Directly Observed Physical Activity of Year 1 Children during School Class Time: A Cross-Sectional Study

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Providing physical activity opportunities to children throughout the school day may be beneficial for children’s health and learning. Existing practices regarding the frequency, type and context of physical activity opportunities being provided to children in the early years of primary school remains largely unknown. The aim of this study was to observe Year 1 children’s physical activity and its contexts during school class time and identify opportunities to incorporate additional activity. A cross-sectional study was conducted with 34 Year 1 children (20 boys, 14 girls; mean age = 6.36 ± 0.34 years) from one primary school in Queensland, Australia. A modified version of the Observational System for Recording Physical Activity in Children—Elementary School was used to assess children’s physical activity and its contexts during class time. Observational data were collected over a four-week period. The frequencies (and percentages) of intervals of children’s activity observed in sedentary, light and moderate-to-vigorous intensities during different instructional and social contexts and physical settings were recorded and calculated. Pearson’s chi-square test of association was conducted to evaluate whether social context (group composition) was related to incidental physical activity. A total of 5305 observation intervals (i.e., 5 s observation interval followed by a 25 s recording interval) were available for analysis (~44 h of observation). Year 1 children were sedentary for the majority (86%) of observed intervals during school class time. Children spent limited time performing light (12% of intervals) and moderate-to-vigorous physical activity (2% of intervals). Organised physical activity observed during class time included physical education/school sport (5.9% of intervals) and classroom-based physical activity (2.8% of intervals). When children completed activities in small groups, they were significantly more likely to engage in incidental physical activity than when they completed activities as a whole class (χ2 = 94.73 p < 0.001). Incorporating movement into academic lessons or during transitions between lessons and classrooms may encourage children to be more active. Incidental physical activity may also be promoted through small group activities. Schools should ideally be encouraged and supported to employ a whole-of-school approach to physical activity promotion, which includes identifying and implementing opportunities for children to be active during class time.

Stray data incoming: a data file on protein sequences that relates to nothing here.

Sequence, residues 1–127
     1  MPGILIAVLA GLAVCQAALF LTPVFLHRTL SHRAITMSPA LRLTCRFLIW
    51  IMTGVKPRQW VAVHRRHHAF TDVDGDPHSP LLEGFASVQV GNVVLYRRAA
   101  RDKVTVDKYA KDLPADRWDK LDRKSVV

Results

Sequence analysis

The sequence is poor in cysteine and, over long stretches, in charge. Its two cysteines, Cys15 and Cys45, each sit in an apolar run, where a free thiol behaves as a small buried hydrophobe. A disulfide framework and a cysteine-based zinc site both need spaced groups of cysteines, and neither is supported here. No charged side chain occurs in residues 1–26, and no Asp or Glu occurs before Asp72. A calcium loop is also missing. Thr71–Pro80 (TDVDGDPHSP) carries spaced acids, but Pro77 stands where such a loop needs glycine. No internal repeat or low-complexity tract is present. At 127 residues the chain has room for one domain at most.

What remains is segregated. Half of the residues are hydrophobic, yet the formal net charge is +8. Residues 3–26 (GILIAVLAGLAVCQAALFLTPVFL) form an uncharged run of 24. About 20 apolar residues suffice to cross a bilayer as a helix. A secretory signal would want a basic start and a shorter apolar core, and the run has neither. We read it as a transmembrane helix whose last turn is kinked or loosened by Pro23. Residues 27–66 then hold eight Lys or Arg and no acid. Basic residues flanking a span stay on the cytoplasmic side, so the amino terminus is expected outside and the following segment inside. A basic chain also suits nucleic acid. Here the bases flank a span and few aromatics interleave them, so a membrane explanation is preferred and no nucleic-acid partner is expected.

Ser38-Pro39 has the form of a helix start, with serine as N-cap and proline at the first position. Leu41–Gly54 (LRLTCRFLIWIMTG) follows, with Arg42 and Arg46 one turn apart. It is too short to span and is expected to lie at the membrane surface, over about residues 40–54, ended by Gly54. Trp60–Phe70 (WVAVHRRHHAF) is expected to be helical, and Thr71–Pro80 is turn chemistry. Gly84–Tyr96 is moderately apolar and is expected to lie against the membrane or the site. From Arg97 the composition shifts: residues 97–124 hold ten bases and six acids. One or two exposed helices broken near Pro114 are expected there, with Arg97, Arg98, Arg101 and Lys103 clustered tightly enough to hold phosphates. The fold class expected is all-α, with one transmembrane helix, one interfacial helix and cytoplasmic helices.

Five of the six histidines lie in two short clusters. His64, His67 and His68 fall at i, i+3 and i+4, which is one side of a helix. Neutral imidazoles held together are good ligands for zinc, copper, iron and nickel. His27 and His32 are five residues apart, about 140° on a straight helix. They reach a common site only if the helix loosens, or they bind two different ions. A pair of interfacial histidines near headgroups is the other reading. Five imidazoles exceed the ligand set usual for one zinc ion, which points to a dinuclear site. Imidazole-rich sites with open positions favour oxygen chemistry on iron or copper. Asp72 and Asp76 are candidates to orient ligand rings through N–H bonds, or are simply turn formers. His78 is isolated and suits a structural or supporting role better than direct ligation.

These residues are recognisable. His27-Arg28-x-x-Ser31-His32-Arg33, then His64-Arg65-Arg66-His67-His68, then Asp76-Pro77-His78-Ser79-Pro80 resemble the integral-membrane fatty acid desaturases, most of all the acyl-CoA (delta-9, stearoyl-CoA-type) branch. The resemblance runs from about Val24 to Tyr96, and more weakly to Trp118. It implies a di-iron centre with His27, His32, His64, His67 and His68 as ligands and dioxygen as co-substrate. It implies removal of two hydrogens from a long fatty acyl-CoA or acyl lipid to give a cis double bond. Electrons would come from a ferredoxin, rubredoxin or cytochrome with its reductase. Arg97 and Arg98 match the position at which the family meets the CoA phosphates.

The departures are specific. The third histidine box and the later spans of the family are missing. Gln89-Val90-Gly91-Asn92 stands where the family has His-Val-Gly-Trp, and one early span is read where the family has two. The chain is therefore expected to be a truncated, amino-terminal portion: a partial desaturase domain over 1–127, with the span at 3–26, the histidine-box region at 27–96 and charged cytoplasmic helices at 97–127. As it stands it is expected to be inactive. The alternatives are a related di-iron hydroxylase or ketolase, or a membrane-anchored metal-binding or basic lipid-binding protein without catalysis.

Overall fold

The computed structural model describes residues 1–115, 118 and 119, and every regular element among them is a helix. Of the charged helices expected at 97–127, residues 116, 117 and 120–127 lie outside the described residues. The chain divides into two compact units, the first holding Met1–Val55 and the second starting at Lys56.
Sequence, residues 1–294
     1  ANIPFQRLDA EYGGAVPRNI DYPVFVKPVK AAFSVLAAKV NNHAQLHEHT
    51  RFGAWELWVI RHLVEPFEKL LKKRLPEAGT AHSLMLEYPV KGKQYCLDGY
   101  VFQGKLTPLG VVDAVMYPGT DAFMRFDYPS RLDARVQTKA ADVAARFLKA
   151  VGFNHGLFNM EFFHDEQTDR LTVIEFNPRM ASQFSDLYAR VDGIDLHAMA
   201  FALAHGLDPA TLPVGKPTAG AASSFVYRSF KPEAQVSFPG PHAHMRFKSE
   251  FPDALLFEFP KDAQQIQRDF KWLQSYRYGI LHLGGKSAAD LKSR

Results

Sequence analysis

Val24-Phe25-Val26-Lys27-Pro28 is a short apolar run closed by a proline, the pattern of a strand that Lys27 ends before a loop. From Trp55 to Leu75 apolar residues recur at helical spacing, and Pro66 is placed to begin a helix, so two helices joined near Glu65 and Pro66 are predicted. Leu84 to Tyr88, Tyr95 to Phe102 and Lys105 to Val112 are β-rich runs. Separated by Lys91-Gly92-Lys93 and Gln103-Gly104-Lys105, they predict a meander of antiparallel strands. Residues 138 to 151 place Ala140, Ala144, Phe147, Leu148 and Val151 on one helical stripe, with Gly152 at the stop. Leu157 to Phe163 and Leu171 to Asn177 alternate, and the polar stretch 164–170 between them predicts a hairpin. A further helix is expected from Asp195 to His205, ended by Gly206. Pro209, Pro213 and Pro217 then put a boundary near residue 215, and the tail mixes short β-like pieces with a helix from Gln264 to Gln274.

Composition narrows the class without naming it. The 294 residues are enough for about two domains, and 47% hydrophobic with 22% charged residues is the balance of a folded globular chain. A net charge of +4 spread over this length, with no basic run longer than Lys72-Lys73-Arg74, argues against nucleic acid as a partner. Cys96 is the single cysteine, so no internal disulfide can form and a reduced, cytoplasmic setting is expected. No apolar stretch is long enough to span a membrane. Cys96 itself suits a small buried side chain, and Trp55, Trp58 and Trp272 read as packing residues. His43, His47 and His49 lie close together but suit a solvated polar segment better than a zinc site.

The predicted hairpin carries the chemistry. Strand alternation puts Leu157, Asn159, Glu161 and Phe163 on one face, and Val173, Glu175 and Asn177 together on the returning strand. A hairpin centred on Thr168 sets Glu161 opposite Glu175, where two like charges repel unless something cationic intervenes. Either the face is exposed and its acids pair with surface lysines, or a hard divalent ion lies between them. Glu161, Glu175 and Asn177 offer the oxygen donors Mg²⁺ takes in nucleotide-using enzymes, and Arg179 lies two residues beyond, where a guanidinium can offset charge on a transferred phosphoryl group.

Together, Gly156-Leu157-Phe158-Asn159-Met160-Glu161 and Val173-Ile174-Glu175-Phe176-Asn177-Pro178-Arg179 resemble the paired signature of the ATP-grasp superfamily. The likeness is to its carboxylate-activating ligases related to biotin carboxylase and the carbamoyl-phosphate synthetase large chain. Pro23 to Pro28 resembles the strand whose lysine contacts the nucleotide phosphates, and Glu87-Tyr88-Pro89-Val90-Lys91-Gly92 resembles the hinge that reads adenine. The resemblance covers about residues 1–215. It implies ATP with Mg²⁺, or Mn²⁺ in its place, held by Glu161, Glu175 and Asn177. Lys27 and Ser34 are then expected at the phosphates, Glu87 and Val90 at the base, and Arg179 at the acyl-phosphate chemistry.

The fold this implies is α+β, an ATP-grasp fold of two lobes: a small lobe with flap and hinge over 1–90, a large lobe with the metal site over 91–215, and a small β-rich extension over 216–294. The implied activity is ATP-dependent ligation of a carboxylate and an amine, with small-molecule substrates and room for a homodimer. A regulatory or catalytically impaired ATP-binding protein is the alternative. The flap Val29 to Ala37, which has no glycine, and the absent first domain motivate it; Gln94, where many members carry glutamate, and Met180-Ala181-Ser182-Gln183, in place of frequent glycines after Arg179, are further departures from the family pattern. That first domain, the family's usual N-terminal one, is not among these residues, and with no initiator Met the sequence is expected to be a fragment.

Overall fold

Original languageEnglish
Article number3676
JournalInternational Journal of Environmental Research and Public Health
Issue number7
Publication statusPublished - 1 Apr 2021


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